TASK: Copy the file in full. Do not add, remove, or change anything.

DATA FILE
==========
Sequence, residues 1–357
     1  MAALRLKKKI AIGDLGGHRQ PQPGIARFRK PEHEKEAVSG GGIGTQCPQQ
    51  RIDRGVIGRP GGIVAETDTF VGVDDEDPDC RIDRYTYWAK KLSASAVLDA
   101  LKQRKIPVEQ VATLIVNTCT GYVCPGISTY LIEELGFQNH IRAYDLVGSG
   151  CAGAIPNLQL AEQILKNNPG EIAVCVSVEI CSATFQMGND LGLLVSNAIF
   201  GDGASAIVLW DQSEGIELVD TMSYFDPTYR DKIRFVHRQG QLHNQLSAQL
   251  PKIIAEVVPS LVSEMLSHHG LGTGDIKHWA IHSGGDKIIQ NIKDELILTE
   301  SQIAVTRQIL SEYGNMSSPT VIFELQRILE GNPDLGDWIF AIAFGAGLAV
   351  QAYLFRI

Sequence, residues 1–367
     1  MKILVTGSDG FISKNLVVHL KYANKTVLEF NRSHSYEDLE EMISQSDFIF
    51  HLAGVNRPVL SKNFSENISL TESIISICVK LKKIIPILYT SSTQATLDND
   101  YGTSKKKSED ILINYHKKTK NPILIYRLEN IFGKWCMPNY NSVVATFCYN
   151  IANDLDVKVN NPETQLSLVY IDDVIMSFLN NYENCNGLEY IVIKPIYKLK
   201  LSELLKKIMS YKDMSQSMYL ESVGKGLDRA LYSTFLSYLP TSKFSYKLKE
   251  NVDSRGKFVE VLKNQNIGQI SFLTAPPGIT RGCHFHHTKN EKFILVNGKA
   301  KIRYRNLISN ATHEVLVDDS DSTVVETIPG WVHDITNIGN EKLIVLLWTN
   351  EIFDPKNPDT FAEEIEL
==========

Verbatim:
Sequence, residues 1–357
     1  MAALRLKKKI AIGDLGGHRQ PQPGIARFRK PEHEKEAVSG GGIGTQCPQQ
    51  RIDRGVIGRP GGIVAETDTF VGVDDEDPDC RIDRYTYWAK KLSASAVLDA
   101  LKQRKIPVEQ VATLIVNTCT GYVCPGISTY LIEELGFQNH IRAYDLVGSG
   151  CAGAIPNLQL AEQILKNNPG EIAVCVSVEI CSATFQMGND LGLLVSNAIF
   201  GDGASAIVLW DQSEGIELVD TMSYFDPTYR DKIRFVHRQG QLHNQLSAQL
   251  PKIIAEVVPS LVSEMLSHHG LGTGDIKHWA IHSGGDKIIQ NIKDELILTE
   301  SQIAVTRQIL SEYGNMSSPT VIFELQRILE GNPDLGDWIF AIAFGAGLAV
   351  QAYLFRI

Sequence, residues 1–367
     1  MKILVTGSDG FISKNLVVHL KYANKTVLEF NRSHSYEDLE EMISQSDFIF
    51  HLAGVNRPVL SKNFSENISL TESIISICVK LKKIIPILYT SSTQATLDND
   101  YGTSKKKSED ILINYHKKTK NPILIYRLEN IFGKWCMPNY NSVVATFCYN
   151  IANDLDVKVN NPETQLSLVY IDDVIMSFLN NYENCNGLEY IVIKPIYKLK
   201  LSELLKKIMS YKDMSQSMYL ESVGKGLDRA LYSTFLSYLP TSKFSYKLKE
   251  NVDSRGKFVE VLKNQNIGQI SFLTAPPGIT RGCHFHHTKN EKFILVNGKA
   301  KIRYRNLISN ATHEVLVDDS DSTVVETIPG WVHDITNIGN EKLIVLLWTN
   351  EIFDPKNPDT FAEEIEL